Teen Schools the Met in Art History, Putin Poisons Russian Art Market, and More Must-Read Art News

Teen Schools the Met in Art History, Putin Poisons Russian Art Market, and More Must-Read Art News
Vladimir Putin
(Courtesy Getty Images)

Met Gets History Lesson from 13-Year-Old: During a recent visit to the Metropolitan Museum 13-year-old Benjamin Lerman Coady noticed a glaring omission: parts of Africa and Spain were missing from a map of the 6th century Byzantine Empire. Despite the incredulity of both his mother and front desk attendants, he filled out a comment card — and low and behold, five months later (!), Met curator Helen Evans wrote him back: "You are of course correct about the boundaries of the Byzantine Empire. You are the first person to recognize the mistake and we thank you for bringing it to our attention.” Though he seems a shoe-in for a career in art history, the lad's ambitions lie eslewhere: “I want to move to Greenwich and open a modern exotic car shop." [NYDailyNews]

Russian Art Market Recoils From Putin: With Vladimir Putin's return to the Kremlin for a third term, many of Russia's biggest art collectors are fleeing the country, dealing a potentially fatal blow to a domestic art market that relies on the conspicuous consumption of the super-rich. With wealthy but austere bureaucrats holding much of the country's capital, local galleries are having to adapt; already international fair circuit regulars Gelman Gallery and XL Gallery are converting from commercial to non-profit models and looking for state support — which in turn is affecting the often-critical tone of the art they exhibit. [Reuters]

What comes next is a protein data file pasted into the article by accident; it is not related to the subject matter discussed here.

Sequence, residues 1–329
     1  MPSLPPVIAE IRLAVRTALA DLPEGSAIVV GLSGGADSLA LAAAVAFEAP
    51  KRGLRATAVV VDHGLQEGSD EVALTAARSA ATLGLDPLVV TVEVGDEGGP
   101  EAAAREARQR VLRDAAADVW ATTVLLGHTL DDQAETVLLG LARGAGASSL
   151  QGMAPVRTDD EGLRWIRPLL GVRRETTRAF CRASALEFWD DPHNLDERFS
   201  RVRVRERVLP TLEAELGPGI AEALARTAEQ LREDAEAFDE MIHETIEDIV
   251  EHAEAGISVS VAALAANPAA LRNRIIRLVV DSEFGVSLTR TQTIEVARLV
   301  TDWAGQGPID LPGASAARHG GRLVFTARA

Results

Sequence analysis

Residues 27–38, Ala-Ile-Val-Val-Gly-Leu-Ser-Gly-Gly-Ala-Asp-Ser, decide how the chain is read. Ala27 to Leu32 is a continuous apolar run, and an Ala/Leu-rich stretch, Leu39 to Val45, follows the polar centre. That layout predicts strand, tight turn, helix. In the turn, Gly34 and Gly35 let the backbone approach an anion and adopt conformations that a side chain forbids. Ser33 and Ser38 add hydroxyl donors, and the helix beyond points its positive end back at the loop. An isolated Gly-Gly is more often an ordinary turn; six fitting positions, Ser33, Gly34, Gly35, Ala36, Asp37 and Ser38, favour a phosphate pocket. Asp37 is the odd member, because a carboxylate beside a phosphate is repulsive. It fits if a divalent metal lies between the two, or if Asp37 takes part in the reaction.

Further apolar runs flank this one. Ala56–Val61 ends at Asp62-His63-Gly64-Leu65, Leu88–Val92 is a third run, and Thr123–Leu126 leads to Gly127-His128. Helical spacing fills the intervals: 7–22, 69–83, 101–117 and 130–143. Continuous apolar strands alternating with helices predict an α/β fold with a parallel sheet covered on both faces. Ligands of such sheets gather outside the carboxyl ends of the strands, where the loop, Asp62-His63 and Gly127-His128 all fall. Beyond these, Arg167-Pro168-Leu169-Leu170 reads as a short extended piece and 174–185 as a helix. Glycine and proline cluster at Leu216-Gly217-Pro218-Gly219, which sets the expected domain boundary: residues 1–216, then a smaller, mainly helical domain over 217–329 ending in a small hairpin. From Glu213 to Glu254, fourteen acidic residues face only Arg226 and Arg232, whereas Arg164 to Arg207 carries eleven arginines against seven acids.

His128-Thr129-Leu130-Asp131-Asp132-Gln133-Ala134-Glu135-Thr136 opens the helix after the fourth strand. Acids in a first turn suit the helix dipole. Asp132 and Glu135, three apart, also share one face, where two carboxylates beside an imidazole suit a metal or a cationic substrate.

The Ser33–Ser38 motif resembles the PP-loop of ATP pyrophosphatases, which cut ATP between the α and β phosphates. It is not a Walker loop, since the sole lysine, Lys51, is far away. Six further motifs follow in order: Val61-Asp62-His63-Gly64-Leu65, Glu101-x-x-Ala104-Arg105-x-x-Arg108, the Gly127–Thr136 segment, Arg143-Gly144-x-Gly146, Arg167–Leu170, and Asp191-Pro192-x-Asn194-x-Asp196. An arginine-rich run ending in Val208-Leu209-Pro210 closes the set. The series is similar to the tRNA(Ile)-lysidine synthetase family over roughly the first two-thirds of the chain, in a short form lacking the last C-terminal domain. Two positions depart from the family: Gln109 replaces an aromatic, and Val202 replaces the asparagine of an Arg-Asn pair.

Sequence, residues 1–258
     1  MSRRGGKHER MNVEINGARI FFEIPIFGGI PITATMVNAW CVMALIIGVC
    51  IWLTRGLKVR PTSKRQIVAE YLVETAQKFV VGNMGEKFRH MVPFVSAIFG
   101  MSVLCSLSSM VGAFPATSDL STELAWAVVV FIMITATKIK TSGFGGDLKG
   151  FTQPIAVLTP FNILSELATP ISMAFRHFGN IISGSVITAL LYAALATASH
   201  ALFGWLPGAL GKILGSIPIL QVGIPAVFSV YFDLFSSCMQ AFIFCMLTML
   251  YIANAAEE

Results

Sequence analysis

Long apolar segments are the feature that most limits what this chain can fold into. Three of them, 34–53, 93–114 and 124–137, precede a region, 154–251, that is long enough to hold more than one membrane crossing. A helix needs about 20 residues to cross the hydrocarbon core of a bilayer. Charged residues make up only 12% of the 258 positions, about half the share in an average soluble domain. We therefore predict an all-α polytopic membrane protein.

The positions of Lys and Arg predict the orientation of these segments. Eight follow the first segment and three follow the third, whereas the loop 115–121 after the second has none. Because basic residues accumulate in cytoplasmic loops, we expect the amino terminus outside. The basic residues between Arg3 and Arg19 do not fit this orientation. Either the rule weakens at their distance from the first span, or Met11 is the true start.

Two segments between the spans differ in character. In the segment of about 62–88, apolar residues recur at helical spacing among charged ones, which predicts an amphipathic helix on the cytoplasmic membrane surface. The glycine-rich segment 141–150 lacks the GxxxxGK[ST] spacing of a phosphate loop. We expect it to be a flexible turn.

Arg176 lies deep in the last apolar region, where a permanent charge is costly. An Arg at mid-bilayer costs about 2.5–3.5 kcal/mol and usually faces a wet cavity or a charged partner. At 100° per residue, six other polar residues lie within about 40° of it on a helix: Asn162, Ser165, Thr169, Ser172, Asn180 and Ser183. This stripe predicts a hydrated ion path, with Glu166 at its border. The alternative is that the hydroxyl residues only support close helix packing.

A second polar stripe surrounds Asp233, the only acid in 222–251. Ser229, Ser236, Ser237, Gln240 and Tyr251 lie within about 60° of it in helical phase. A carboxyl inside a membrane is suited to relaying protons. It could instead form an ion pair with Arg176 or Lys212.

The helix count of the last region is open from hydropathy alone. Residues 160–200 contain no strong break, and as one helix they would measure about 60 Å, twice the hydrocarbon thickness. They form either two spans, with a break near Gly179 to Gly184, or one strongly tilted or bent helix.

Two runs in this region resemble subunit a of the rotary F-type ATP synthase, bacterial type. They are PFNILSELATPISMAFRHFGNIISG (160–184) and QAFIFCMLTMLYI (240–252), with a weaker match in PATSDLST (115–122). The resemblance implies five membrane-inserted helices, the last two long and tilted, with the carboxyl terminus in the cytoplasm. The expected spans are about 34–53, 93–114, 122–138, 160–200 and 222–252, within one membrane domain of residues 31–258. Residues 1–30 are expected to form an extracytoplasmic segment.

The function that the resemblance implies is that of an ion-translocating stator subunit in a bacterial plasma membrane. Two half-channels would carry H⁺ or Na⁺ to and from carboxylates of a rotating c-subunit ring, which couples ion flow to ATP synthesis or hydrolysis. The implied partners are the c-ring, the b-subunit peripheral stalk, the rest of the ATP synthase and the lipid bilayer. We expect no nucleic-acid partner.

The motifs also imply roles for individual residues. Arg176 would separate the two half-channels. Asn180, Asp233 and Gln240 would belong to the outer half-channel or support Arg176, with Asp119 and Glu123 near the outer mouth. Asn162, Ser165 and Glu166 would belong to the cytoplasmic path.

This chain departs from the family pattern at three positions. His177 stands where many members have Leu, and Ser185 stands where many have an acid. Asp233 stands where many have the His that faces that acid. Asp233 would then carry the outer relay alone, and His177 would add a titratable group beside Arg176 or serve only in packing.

Behind Every Record Auction is a Cool-Headed Auctioneer: On Wednesday night Sotheby's auctioneer Tobias Meyer appeared impervious to the hoopla as he brokered the sale of Edvard Munch's "The Scream" for a record $119.9 million. How does he do it? "When the atmosphere gets very tense, so to speak, I strangely have the reverse mechanism that I become very calm," Meyer says. "Somebody once said that's a little bit like a Formula One driver, because they're in that space and they're very happy about it and they need to make these split-second decisions." [WSJ]